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Why New Yorkers Still Want Walmart

A new poll has found that a majority of New York City residents do indeed want retailer Walmart in their backyard.

As Bloomberg reported Monday (Aug. 10), as many as 55 percent of New Yorkers say elected officials should allow Walmart to open its first location in the city’s five boroughs, according to research from Quinnipiac University.

The newswire noted that the data approximated findings that were conducted by the university four years ago, when the company tried, and failed, to land a spot in Brooklyn.

The Quinnipiac poll detailed this week found that support for a store opening stretches across 70 percent of Republicans and as many as 55 percent of Democrats.

As Bloomberg noted, the company has faced opposition from current New York City Mayor Bill de Blasio and also from labor advocates. They contend that a Walmart in the city would hurt local businesses, and workers are not paid well enough. The latter point seems to be an area of criticism, as a majority of those polled say that Walmart does not offer high enough wages or benefits. Those opinions remain even after the company boosted its minimum hourly wages and its medical coverage, Bloomberg noted.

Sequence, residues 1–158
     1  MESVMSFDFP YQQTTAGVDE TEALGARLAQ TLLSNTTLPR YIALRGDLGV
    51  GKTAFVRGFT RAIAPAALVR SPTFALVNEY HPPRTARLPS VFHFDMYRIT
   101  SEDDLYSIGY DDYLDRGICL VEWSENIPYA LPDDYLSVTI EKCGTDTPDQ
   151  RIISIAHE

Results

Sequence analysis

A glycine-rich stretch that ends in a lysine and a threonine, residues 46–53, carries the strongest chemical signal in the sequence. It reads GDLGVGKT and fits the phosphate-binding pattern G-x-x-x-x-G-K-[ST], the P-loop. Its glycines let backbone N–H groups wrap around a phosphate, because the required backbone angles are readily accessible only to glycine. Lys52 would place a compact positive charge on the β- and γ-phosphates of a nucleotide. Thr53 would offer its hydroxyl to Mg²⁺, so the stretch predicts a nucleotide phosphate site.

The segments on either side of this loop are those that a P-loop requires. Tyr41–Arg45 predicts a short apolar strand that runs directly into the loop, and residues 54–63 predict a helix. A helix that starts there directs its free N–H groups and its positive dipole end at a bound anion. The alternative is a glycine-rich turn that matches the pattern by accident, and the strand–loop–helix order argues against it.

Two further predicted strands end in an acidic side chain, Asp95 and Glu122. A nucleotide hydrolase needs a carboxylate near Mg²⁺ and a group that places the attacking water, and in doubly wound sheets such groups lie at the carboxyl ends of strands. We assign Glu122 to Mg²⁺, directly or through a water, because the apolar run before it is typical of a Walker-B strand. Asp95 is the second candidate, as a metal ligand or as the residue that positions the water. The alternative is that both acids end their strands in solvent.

But 64 percent of the 1,108 respondents to the late July to early August polling said they would shop at a convenient, city-based Walmart, and three quarters of Staten Island and Bronx consumers said they would shop there.

Parsing the data a bit more, Quinnipiac said that 67 percent of New York households surveyed making less than $30,000 annually wanted Walmart — which Bloomberg stated represented an economic tier that wanted the retailer “the most” — while 49 percent of those earning more than $100,000 wanted to see a store opening in New York City or its adjacent boroughs.

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